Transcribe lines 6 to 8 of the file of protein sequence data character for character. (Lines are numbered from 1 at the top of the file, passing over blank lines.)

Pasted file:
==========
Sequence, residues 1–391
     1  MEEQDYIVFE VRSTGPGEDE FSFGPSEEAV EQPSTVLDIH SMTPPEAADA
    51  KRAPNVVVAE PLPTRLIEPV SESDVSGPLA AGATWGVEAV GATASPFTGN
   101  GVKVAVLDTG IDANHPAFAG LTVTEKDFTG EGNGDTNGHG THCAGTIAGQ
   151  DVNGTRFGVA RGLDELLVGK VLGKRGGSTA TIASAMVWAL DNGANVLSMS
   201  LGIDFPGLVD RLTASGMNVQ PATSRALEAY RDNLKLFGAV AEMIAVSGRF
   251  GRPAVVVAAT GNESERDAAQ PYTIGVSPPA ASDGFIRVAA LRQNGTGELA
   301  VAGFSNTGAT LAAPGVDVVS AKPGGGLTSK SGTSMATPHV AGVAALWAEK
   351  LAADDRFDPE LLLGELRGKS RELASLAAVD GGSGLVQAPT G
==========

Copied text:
   201  LGIDFPGLVD RLTASGMNVQ PATSRALEAY RDNLKLFGAV AEMIAVSGRF
   251  GRPAVVVAAT GNESERDAAQ PYTIGVSPPA ASDGFIRVAA LRQNGTGELA
   301  VAGFSNTGAT LAAPGVDVVS AKPGGGLTSK SGTSMATPHV AGVAALWAEK